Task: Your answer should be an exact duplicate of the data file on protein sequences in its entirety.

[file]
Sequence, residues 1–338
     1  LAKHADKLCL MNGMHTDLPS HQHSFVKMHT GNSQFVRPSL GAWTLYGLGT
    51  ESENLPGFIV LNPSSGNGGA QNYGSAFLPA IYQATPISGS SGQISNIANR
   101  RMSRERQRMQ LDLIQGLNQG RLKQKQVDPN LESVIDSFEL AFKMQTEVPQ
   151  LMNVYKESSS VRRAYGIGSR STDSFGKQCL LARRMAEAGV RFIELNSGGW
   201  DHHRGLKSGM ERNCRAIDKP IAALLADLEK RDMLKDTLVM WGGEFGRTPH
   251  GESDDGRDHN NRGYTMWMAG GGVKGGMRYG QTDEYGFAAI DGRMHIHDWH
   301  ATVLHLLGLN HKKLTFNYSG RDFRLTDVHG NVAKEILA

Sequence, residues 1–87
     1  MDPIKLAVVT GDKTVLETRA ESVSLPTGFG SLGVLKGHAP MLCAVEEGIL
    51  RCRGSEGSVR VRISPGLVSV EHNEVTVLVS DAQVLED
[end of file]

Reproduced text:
Sequence, residues 1–338
     1  LAKHADKLCL MNGMHTDLPS HQHSFVKMHT GNSQFVRPSL GAWTLYGLGT
    51  ESENLPGFIV LNPSSGNGGA QNYGSAFLPA IYQATPISGS SGQISNIANR
   101  RMSRERQRMQ LDLIQGLNQG RLKQKQVDPN LESVIDSFEL AFKMQTEVPQ
   151  LMNVYKESSS VRRAYGIGSR STDSFGKQCL LARRMAEAGV RFIELNSGGW
   201  DHHRGLKSGM ERNCRAIDKP IAALLADLEK RDMLKDTLVM WGGEFGRTPH
   251  GESDDGRDHN NRGYTMWMAG GGVKGGMRYG QTDEYGFAAI DGRMHIHDWH
   301  ATVLHLLGLN HKKLTFNYSG RDFRLTDVHG NVAKEILA

Sequence, residues 1–87
     1  MDPIKLAVVT GDKTVLETRA ESVSLPTGFG SLGVLKGHAP MLCAVEEGIL
    51  RCRGSEGSVR VRISPGLVSV EHNEVTVLVS DAQVLED